By Jeff Stankard
What could be worse than the sight of that recent customer driving back into your parking lot? I’m sure the thoughts start running through your head about the uncomfortable conversation that is going to take place between you and the customer, and between you and the technician who worked on the car. Nobody is happy, and you need to change this negative situation into a positive one to keep the customer coming back for many more years.
What is worse than this bad comeback situation is when the customer doesn’t give you a second chance to make things right and takes their business to the other shop down the road. I’m sure you’ve read that it’s 10 times more expensive to obtain a new customer than it is to retain an existing customer. You have to put the effort into keeping your existing customers, as well as attracting new ones. When you run a promotion or sale, your intent is to capture new, incremental business, not to discount the business that would have come through the door anyway.
When you get this new business, you must actively work to cultivate it. At the same time, you need to analyze your customer data to find those who have not returned. Were they price shoppers who came in for the discounted oil change? If so, you probably don’t want to work too hard to retain them. Or, were they long-term customers who had $600 worth of service? I think a phone call is in order to find out what’s going on there. Maybe they moved to another town, sold the car, or maybe they didn’t have such a great experience.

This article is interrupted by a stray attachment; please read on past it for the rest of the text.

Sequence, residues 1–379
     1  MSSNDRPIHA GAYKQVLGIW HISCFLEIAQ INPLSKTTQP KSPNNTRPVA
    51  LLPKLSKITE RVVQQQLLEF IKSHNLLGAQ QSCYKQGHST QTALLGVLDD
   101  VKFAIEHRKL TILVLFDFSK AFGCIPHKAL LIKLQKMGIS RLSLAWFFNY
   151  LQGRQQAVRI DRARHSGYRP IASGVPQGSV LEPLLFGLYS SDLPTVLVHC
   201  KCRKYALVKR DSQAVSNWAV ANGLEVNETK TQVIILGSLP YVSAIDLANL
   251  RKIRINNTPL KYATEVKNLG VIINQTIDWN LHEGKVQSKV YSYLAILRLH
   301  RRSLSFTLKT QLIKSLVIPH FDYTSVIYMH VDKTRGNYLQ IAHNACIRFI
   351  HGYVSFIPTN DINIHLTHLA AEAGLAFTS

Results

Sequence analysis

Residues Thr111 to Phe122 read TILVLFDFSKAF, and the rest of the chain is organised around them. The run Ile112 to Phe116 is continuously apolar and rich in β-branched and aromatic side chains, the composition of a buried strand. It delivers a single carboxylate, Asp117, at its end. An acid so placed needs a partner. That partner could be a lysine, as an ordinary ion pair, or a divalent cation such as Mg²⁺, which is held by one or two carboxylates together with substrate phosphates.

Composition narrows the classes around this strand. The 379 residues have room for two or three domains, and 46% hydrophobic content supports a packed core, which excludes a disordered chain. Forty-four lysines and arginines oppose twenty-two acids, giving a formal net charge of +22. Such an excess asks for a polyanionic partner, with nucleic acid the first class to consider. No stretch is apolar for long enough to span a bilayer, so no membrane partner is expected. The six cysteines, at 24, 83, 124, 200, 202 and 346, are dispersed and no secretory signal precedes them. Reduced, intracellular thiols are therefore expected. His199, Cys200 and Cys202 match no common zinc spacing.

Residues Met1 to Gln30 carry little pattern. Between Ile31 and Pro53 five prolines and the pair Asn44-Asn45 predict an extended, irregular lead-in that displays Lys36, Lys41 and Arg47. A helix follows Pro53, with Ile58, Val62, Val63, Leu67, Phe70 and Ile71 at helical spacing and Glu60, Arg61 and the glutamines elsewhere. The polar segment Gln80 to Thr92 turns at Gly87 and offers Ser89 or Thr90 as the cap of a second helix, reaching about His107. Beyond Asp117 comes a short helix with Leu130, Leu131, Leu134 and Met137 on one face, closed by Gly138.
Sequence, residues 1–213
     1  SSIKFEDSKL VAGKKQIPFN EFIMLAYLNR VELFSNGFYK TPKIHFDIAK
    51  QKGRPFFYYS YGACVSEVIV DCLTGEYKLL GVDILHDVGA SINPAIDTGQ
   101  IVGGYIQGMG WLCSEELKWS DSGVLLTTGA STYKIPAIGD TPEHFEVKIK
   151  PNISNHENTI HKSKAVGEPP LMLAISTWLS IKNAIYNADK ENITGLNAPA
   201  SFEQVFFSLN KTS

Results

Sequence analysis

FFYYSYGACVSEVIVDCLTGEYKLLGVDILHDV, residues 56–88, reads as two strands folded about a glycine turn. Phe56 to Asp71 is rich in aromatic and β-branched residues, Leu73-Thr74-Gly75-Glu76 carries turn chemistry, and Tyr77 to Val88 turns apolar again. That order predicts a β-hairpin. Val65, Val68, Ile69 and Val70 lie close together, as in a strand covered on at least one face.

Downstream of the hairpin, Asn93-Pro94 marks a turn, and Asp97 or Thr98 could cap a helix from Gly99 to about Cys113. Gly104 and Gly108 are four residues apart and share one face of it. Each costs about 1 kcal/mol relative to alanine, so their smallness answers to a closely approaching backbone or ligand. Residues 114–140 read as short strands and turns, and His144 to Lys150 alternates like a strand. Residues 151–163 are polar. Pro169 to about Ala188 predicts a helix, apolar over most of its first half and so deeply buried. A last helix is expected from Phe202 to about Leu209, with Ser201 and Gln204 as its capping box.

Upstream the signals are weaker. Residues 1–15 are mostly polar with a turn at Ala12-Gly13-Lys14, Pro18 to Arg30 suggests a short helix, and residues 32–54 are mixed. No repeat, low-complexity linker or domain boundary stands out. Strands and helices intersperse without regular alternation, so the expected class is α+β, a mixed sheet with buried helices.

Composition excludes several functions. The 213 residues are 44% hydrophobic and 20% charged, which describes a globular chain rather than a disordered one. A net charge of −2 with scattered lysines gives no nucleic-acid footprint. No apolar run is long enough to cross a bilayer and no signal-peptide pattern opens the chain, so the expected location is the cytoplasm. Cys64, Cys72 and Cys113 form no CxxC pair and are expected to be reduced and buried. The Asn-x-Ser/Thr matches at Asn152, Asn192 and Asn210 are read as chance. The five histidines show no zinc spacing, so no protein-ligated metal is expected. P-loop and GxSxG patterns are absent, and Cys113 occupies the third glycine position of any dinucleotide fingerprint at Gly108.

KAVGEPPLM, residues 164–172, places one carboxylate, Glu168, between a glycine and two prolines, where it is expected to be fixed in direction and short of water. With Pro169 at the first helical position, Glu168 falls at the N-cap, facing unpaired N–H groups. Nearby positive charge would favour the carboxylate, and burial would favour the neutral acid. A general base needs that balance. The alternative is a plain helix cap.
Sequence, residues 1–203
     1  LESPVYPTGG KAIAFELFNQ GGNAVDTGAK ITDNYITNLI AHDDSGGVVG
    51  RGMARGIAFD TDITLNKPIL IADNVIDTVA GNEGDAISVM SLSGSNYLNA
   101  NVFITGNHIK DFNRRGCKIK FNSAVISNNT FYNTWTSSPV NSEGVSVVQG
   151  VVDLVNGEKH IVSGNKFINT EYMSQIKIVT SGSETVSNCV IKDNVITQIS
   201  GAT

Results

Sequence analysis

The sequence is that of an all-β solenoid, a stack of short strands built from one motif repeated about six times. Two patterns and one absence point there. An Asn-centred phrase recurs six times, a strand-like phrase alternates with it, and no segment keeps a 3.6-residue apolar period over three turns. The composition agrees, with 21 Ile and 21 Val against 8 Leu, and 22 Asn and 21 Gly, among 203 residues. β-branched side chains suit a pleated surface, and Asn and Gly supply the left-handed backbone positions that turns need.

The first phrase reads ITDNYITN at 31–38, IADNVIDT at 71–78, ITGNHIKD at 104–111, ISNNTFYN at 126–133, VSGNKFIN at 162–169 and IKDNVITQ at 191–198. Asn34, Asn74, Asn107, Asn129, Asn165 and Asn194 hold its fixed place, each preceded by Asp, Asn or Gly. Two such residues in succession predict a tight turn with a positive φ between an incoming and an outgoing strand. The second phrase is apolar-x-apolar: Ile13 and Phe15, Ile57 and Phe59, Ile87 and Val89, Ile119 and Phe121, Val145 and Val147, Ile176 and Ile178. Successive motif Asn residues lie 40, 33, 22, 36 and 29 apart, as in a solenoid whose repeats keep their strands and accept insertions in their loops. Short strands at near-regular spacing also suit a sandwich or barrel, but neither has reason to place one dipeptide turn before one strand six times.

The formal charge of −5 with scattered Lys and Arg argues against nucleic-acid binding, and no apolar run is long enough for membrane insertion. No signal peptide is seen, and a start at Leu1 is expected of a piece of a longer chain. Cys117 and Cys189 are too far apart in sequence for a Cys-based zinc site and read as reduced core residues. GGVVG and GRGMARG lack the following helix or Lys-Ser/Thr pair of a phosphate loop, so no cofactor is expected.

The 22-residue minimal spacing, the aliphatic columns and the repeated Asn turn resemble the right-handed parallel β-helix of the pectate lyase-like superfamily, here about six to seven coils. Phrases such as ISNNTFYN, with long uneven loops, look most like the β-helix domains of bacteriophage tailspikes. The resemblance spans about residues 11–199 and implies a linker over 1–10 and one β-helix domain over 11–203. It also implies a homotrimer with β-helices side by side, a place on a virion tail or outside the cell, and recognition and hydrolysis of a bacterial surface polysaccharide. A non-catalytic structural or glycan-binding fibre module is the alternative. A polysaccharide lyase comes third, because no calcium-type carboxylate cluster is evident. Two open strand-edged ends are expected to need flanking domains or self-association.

Look closely at the work that was performed and the type of parts that were installed. Did the customer buy the premium stuff or the low-end product? If they bought a low-end product, was it explained to them that this item would not perform like the premium product you have available? Have you managed their expectations so they are in line with the service?
Making follow-up phone calls with customers takes a lot of time, but it can be an easy step in the effort to retain a customer and build on the relationship. Also, calling a regular customer who you have not seen in nine months may reveal that your service writer is not fully explaining the work order, or that offering that low-end product is more trouble than it’s worth. Customer feedback both the good and especially the bad is critical to running a successful business.